So, when the incentives are missing — or, heaven forbid, in direct opposition to what the law intends to accomplish — then you have wrong-way policies hitting the books. Then, by extension, people, animals, environments, or entire planets suffer.

  5. Because economics is all about human nature. And human nature, as we know, has its grubby little fingers in everything. Take, for instance, Wheelan's comments on why he wrote the book:

    Markets are consistent with human nature and therefore wildly successful at motivating us to reach our potential. I am writing this book because I love to write. I am writing this book because I believe that economics will be interesting to lay readers. And I am writing this book because I really want a summer home in Wisconsin. We work harder when we benefit directly from our work, and that hard work often yields significant social gains.

    And this nifty bit that most any home-seller can appreciate:

    The better the price you get for your house, the more money your agent will make. That is a good thing. But the incentives are still not perfectly aligned. Suppose you are selling a house in the $300,000 range. Your agent can list the house for $280,000 and sell it in about twenty minutes. Or she could list it for $320,000 and wait for a buyer who really loves the place. The benefit to you of pricing the house high is huge: $40,000. Your real estate agent may see things differently. Listing high would mean many weeks of showing the house, holding open houses, and baking cookies to make the place smell good. Lots of work, in other words. Assuming a 3 percent commission, your agent can make $8,400 for doing virtually nothing or $9,600 for doing many weeks of work. Which would you choose? On the buy side or the sell side, your agent's most powerful incentive is to get a deal done, whether it is at a price favorable to you or not.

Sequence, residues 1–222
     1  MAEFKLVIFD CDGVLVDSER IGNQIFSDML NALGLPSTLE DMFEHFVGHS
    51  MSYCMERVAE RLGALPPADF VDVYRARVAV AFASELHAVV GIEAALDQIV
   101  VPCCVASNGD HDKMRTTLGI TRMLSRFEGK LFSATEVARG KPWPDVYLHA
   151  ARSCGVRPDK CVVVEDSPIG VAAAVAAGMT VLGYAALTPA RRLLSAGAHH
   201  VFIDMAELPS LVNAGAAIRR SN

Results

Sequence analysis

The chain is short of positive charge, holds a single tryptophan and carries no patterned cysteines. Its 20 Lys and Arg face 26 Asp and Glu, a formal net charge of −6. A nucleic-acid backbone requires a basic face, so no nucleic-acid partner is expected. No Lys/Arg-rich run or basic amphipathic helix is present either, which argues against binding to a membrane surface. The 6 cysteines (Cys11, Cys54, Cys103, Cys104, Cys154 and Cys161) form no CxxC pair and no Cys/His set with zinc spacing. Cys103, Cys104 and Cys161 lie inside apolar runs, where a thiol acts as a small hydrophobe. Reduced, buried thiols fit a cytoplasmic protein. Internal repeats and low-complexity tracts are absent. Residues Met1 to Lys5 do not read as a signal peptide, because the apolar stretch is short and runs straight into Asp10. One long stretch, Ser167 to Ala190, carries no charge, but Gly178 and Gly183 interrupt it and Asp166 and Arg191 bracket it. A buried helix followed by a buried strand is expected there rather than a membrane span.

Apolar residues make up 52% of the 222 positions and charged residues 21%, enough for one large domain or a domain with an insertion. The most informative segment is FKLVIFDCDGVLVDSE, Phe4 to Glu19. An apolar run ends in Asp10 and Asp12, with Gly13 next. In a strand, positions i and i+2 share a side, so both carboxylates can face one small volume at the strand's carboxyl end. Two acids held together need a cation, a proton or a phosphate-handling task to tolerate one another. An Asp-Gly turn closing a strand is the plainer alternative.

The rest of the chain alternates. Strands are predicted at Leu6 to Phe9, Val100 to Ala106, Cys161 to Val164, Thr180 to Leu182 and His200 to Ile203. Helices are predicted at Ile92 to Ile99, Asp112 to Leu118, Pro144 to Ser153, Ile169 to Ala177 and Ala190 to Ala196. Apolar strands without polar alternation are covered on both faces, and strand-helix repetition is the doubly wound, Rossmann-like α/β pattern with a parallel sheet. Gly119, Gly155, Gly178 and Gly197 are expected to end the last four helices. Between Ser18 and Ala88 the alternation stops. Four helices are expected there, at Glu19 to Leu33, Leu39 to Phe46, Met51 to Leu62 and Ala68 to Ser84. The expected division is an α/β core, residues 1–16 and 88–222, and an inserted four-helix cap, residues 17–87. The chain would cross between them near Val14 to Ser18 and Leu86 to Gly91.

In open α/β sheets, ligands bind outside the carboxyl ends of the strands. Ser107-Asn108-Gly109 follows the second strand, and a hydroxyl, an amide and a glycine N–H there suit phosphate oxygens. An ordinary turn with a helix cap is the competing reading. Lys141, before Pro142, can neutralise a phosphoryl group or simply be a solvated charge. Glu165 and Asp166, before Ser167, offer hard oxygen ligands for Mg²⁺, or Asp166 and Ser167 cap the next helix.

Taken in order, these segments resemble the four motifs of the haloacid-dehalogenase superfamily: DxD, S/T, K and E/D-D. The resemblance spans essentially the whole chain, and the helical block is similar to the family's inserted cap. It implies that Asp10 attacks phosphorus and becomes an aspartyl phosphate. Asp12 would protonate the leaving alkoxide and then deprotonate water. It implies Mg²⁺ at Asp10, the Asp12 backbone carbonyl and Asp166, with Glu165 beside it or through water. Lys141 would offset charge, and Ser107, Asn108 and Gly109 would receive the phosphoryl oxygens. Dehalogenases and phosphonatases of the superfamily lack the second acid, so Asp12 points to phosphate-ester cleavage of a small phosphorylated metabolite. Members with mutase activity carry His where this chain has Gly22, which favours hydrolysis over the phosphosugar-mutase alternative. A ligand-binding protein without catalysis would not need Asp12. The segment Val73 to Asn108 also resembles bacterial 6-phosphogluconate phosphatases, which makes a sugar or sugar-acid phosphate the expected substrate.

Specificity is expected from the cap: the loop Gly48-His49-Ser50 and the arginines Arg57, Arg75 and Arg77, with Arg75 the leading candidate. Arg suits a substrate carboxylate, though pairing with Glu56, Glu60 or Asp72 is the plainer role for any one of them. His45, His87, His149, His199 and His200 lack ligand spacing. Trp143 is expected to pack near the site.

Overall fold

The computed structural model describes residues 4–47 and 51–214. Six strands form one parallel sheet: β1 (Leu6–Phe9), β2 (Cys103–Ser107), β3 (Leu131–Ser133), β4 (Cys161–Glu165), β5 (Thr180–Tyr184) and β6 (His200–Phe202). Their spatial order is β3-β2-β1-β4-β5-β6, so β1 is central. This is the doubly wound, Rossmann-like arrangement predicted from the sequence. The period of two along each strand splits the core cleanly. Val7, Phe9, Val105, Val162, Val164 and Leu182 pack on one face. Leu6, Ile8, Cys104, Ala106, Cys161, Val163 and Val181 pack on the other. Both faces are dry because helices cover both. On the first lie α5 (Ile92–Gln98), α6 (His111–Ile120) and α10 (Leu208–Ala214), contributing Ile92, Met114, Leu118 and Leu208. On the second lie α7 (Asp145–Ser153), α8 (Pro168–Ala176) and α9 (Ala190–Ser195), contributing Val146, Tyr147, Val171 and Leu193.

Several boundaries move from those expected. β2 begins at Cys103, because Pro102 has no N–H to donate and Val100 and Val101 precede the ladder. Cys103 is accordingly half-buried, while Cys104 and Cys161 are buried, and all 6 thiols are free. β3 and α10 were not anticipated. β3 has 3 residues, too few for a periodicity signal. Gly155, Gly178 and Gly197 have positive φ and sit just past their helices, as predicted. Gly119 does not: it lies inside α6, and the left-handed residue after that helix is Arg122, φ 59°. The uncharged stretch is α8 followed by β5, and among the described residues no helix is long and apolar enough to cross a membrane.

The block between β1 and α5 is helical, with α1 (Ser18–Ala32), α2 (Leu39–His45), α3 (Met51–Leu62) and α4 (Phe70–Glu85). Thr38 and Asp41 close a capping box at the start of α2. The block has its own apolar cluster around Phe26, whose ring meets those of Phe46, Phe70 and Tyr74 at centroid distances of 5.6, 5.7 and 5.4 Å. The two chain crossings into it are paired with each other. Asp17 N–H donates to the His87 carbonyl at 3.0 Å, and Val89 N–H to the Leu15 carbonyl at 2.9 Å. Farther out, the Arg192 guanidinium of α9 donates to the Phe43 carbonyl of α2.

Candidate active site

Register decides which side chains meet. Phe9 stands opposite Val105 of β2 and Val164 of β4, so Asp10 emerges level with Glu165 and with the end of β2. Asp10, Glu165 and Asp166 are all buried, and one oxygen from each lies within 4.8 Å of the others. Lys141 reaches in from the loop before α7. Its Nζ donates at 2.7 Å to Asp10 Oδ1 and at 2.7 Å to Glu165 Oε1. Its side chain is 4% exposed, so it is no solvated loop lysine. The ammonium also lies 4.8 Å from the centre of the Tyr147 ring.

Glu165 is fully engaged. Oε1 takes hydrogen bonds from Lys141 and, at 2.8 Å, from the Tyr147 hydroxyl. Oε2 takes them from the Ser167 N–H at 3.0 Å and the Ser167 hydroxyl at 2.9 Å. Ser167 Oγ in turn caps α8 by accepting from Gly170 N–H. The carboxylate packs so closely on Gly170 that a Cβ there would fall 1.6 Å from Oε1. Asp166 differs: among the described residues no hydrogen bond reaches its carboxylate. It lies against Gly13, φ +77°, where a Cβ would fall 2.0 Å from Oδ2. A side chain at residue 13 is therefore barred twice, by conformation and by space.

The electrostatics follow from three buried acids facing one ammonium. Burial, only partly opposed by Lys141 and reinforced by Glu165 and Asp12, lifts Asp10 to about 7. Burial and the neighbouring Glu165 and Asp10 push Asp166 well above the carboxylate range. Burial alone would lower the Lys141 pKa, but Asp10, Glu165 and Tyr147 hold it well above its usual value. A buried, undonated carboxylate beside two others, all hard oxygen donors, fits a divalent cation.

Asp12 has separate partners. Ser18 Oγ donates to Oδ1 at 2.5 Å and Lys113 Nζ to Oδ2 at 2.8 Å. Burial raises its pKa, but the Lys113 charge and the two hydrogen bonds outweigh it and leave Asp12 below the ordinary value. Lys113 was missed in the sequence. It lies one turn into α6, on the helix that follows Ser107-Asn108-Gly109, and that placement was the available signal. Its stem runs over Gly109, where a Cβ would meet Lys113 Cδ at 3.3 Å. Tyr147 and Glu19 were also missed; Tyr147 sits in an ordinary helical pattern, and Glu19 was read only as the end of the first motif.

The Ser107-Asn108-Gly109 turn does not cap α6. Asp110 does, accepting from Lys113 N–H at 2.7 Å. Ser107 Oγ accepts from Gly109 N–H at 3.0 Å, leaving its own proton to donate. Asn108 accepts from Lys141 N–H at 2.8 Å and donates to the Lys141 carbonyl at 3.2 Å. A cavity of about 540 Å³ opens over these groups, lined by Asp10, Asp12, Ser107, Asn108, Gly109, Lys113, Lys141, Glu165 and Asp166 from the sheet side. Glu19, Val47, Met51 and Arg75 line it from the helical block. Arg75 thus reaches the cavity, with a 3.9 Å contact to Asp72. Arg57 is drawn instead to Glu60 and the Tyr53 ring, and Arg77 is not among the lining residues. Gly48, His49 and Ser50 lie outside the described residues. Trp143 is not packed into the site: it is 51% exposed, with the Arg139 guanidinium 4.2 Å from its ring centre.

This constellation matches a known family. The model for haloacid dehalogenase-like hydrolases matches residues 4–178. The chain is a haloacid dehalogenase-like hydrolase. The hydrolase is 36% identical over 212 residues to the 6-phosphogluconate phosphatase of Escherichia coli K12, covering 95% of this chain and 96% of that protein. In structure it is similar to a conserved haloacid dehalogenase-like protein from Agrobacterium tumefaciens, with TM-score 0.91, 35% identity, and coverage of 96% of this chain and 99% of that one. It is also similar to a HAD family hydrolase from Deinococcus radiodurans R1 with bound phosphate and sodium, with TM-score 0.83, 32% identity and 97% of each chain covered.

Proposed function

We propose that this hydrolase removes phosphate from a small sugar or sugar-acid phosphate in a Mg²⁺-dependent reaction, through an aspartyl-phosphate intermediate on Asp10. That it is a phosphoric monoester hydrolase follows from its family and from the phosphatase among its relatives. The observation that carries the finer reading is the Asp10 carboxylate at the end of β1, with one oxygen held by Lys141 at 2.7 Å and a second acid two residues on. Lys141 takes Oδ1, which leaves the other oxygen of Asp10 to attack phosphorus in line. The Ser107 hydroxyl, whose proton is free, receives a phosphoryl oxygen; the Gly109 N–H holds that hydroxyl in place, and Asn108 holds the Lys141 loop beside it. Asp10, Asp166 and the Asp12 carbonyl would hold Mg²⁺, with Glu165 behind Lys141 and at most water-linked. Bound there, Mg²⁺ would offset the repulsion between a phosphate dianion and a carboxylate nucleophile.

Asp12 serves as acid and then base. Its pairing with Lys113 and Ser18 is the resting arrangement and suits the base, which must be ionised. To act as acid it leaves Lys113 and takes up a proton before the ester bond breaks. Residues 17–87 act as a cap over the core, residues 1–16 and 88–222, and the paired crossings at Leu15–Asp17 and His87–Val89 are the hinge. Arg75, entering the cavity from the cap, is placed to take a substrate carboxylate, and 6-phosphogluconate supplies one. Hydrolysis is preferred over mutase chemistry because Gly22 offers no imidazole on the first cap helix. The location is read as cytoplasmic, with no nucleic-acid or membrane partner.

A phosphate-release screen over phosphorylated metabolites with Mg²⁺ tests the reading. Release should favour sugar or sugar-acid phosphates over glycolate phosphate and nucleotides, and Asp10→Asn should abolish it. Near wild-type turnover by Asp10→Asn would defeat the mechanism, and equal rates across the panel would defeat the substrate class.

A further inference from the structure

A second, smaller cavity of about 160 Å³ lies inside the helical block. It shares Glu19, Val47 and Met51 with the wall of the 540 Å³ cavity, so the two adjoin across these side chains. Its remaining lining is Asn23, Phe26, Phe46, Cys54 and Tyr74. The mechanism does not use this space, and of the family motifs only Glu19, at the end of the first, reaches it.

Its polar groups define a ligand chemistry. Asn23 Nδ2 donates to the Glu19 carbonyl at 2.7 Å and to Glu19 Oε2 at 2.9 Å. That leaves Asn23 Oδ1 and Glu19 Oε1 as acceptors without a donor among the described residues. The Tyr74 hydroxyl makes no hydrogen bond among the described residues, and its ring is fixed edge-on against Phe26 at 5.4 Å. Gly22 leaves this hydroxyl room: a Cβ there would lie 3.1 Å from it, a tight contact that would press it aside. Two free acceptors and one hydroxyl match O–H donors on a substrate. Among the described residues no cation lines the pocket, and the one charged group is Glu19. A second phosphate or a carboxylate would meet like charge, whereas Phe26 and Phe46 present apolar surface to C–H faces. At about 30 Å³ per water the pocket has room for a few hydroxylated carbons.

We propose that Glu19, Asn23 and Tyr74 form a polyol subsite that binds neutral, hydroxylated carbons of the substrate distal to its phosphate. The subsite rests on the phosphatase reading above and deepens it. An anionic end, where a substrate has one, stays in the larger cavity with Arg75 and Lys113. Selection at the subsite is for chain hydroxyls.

All in all, Naked Economics was a great read. If you've ever had questions about just exactly how all that inflation- and deflation-stuff works, or wondered what the heck was the big deal with "supply and demand," then I'd highly recommend picking up Charles Wheelan's book. Oh, and one more lengthy quote I'd like to grace this blog with, as it seems so sharply appropriate:

Capital is scarce. This is the only reason that any kind of investing yields returns. If you have spare capital, then someone will pay you to use it. But you've got to have spare capital first, and the only way to generate spare capital is to spend less than you earn — i.e., save. The more you save, and the sooner you begin saving it, the more rent you can command from the financial markets. ...

The flip side, of course, is that if you are spending more cash than you earn, you will have to "rent" the difference somewhere. And you will have to pay for that privilege. Paying the rent on capital is no different from paying the rent on anything else: It is an expense that crowds out other things you may want to consume later. The cost of living better in the present is living less well in the future. Conversely, the payoff for living frugally in the present is living better in the future. So for now, set aside questions about whether your 401k should be in stocks or bonds. The first step is far more simple: Save early, save often, and pay off the credit cards.

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— Posted by Michael @ 4:36 PM